• 48hr Books

What are some of the misconceptions or concerns about print on demand for independent authors:

  1. Independent Bookstores Won’t Carry POD Authors:

    1. Truth - Bookstore owners may not stock print on demand (POD) self-published books as readily due to pressure from online sellers and the limited shelf space reserved for titles with a history of sales or a clear marketing plan. However, bookstores like knowing that titles are always available should they need to order more, making books published with POD services more appealing as they have significant inventory levels and are printed as orders are placed.

  2. Distributors Don't Carry POD Authors:

    1. Truth - Distributors may prefer to work with publishers, but will make exceptions for popular POD titles. Authors can market their books to customers who purchase through wholesalers.

  3. POD Books Aren’t Good Quality:

    1. Truth - The quality of POD books is equal to any other printing process. Authors can request samples to see for themselves.

  4. The Cost to Print on Demand is Too High

    1. Truth - The per book cost for POD may be slightly higher, but authors don't have to print, warehouse, or ship hundreds or thousands of books upfront, and can easily correct errors.

  5. There is a Limited Number of Trim Sizes Available with POD:

    1. Truth - Most POD companies have a variety of trim sizes available for both paperback and hardcover books. Authors should choose a POD company that fulfills their needs. Ultimately, authors and publishers should evaluate their options and choose what works best for them.

What are the benefits of Print on demand (POD) services:

  • Lower upfront costs: Traditional publishing requires authors to print a large number of books upfront, which can be costly. With POD, books are printed only when an order is received, eliminating the need for a large upfront investment.

  • Reduced risk: Since there's no need to invest in a large print run upfront, authors and publishers can reduce their risk of losing money on unsold books.

  • Faster turnaround times: POD books can be printed and shipped quickly, allowing authors and publishers to get their books into the market faster.

  • Customization: POD services allow for easy customization of book content, cover design, and formatting to meet individual author or publisher preferences.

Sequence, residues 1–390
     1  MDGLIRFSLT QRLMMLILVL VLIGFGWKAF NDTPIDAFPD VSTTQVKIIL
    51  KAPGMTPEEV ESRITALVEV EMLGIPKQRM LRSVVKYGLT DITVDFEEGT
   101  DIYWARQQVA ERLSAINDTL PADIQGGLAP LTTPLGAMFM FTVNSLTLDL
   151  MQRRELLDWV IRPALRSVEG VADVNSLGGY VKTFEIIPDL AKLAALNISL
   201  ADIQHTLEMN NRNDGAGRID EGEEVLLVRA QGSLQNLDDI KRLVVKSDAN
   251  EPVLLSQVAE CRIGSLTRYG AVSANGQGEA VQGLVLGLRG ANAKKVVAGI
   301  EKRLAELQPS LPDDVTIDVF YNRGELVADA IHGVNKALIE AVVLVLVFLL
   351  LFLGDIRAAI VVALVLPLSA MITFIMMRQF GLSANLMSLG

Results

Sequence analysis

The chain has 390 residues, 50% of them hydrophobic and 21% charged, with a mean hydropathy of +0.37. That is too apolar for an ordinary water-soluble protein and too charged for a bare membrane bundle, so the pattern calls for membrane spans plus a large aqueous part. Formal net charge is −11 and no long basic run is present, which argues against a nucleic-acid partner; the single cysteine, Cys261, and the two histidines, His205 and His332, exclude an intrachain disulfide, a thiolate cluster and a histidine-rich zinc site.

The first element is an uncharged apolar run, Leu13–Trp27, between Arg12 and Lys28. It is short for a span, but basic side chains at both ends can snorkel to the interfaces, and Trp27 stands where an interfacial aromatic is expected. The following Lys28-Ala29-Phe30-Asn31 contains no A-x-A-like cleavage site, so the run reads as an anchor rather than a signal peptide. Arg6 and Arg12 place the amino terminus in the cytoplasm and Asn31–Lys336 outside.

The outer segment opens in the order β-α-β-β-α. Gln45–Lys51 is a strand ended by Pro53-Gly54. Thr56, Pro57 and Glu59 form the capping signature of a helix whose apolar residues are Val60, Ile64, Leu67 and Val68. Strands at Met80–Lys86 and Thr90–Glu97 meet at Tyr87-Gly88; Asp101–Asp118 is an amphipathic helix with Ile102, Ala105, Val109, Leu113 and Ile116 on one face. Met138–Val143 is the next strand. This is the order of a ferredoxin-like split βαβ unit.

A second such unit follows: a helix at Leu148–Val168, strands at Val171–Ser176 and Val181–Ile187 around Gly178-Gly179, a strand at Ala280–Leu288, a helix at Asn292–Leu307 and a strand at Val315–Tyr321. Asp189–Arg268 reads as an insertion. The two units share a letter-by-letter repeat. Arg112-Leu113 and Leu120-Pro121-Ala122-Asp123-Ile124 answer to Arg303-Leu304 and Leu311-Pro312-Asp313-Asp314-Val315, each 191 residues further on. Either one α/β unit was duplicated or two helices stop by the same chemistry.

• Availability: POD books can be printed and shipped from anywhere, making them readily available to customers worldwide.

  • Options for authors: With Print on Demand you can still stock some of your own books for things like book fairs and Cons where you want to get out amongst the people to sell your books in person.

  • Overall, print on demand services offer a more cost-effective, flexible, and efficient approach to book publishing compared to traditional publishing methods, and makes physical copies of books a viable possibility for independent authors.

Authors must be aware though, even though these POD services make printing and distributing physical copies of books easier, authors will still need to prepare their books for print on demand including formatting inline with specific requirements, ensuring quality covers designed for physical copy books, and editing. Authors will also need to market and promote their POD book to drive sales such as using social media, book reviews, and or even book giveaways.

Sharn and Andy then wrapped up with a discussion about whether they care about having a physical copy of their books? If so Why?

  • Sharn: Yep. The smell. I want to sniff my book. Jokes. I think it’s mostly about product diversification and ensuring I meet the demand of consumers. I am personally a reader that loves a hardcopy version of books, and so I want to make sure my book is also available in hardcopy for readers who want it in that format.. It will also be pretty cool to one day see a copy of my book on an actual bookshelf.

  • Andy: While I too am a little bit of a weirdo and thoroughly enjoy the smell of a bookstore. That's not the reason I want to have a copy of my books. Even though I am all about tech and Web3 etc there is still something so magical about holding and owning books. After I have become a multi NY times bestseller and am the richest author ever i will 100% have a personally designed Library in my mega mansion :)


As always, we have a lot to do and a lot more to learn. Hope you all have fun following along as we improve our understanding and knowledge!

You can find this podcast episode (and all our other episodes) here: , or directly on your favourite streaming services.

NOTE: Everything discussed during the podcast is simply our own interpretation of information we come across as we research topics, or is commentary based on our own personal experiences. We highly encourage everyone to conduct their own research into topics of interest as information, especially in the technical space, changes regularly.

Music track featured this week was titled Dapper Day and can be viewed/listened to here:

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As always, we’re off to put our bums on seats and do some work, so until next time stay dangerous!